Brace Yourselves - Property Taxes are Going Up!
The Fulton County Tax Assessor's office attempted to adjust property assessments upward last year. The results created a backlash from property owners as well as from local municipal representatives. As a result, assessments were kept at the previous year's values.
Fast forward to April 2018, and the Fulton County Board of Assessors is already sending out advance warning that this year's assessments should be expected to increase. You may have received this notification in your mail:
The amount of property tax that owners will pay is a calculation based on two parts:
1) Property Assessment Value, and
2) Millage Rate
If you're unfamiliar with the term "Millage Rate", the definition is the amount per $1,000 of property value that is used to calculate local property taxes. Assigned millage rates are multiplied by the total taxable value of the property to arrive at the property taxes.
In theory, your property's assessed value could INCREASE, but your property tax payment could remain the same, or perhaps be lower. That would be due to the millage rate set by the taxing authority. For residential property owners in Johns Creek, you will pay property taxes to Fulton County and the City of Johns Creek with each jurisdiction setting its own millage rates.
The majority of elected representative in Johns Creek have run on a platform that included a commitment to NOT raise taxes on our resident property owners. Indeed, the upcoming May election includes these very same commitments.
While it may be argued that supporting T-SPLOST or other Local Option Sales Taxes amount to a roundabout method of raising taxes on residents, the commitment to NOT raise property taxes would be particularly difficult to avoid in the face of a certain increase in assessed property values. That leaves just one lever with which our City Council can honor a commitment to NOT raise taxes: reduce the millage rate so that property tax revenue is net-neutral compared to 2017.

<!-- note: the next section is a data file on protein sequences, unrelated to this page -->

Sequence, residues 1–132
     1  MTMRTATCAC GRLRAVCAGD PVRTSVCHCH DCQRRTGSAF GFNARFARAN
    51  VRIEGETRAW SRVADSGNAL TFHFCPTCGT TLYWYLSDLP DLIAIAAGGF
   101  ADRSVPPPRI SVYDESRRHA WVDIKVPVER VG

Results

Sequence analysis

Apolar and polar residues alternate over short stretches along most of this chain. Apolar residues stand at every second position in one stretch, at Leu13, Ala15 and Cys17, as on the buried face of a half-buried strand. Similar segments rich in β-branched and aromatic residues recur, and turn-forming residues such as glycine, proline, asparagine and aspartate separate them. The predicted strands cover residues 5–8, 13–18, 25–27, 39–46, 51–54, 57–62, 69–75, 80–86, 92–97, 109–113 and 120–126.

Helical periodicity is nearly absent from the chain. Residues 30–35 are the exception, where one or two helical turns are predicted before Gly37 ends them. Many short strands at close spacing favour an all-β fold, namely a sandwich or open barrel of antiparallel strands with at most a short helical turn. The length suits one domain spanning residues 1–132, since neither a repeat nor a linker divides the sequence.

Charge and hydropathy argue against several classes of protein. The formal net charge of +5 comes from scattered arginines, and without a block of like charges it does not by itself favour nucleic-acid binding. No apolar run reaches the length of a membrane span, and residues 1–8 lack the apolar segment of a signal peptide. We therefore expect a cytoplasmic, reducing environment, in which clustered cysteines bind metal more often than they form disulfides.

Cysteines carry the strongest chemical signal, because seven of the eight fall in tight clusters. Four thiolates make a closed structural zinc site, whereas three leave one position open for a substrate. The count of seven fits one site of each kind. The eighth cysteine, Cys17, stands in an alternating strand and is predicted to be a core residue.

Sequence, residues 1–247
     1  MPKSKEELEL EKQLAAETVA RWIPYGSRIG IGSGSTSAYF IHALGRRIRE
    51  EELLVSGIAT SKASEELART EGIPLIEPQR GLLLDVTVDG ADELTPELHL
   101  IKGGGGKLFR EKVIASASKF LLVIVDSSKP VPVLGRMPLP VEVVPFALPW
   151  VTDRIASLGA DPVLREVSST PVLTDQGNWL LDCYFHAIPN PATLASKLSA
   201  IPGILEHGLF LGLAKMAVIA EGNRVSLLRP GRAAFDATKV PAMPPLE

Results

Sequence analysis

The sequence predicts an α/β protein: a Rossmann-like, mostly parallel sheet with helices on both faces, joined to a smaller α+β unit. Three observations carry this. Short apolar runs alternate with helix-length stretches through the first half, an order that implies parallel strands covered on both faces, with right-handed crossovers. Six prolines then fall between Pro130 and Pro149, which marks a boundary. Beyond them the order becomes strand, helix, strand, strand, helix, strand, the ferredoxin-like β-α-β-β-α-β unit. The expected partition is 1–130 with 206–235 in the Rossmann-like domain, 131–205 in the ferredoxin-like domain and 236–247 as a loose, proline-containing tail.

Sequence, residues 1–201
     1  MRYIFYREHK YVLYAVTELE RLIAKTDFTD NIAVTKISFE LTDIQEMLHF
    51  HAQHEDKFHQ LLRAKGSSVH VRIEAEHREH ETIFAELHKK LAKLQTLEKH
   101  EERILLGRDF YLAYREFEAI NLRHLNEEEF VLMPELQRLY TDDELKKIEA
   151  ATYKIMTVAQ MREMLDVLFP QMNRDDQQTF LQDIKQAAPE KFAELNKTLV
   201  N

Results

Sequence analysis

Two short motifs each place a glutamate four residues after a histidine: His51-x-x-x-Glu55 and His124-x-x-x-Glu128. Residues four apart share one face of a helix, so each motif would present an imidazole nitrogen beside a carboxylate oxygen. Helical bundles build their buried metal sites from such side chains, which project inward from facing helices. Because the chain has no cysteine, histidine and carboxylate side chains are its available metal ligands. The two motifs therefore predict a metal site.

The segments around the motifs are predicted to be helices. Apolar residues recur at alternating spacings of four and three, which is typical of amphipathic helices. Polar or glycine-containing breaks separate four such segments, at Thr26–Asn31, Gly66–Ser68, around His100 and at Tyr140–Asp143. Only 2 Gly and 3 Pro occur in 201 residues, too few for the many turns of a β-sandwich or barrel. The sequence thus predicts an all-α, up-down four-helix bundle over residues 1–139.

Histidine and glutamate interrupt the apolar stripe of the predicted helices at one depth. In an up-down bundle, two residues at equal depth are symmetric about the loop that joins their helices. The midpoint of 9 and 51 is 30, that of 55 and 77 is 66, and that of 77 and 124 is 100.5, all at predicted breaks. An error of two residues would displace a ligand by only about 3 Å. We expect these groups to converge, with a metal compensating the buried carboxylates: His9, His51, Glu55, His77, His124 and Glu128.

Will our elected officials work to keep their word given to voters while campaigning for office, or will the temptation to keep millage rates the same as last year in order to reap a windfall in property tax revenue be too tempting? Under the circumstances, is the recent attention being directed toward a potential Johns Creek Development Authority (where tax abatements would be granted to some businesses) an appropriate topic for consideration (our opinion: NO)? Many commercial properties have already experienced an inexplicable pass on assessment updates with many parcels valued at unbelievably low levels, with many assessments still held at recession level values. As a result, a disproportionate burden of property tax revenue has already been carried by the residents to date.
Property assessments are going up - that's a fact. If Johns Creek millage rates are not decreased to provide for a net-neutral tax burden in 2018, it will be, IN FACT, a tax increase.
Find out where our elected officials stand on this issue. We need to have them on-the-record and hold them to their campaign promises.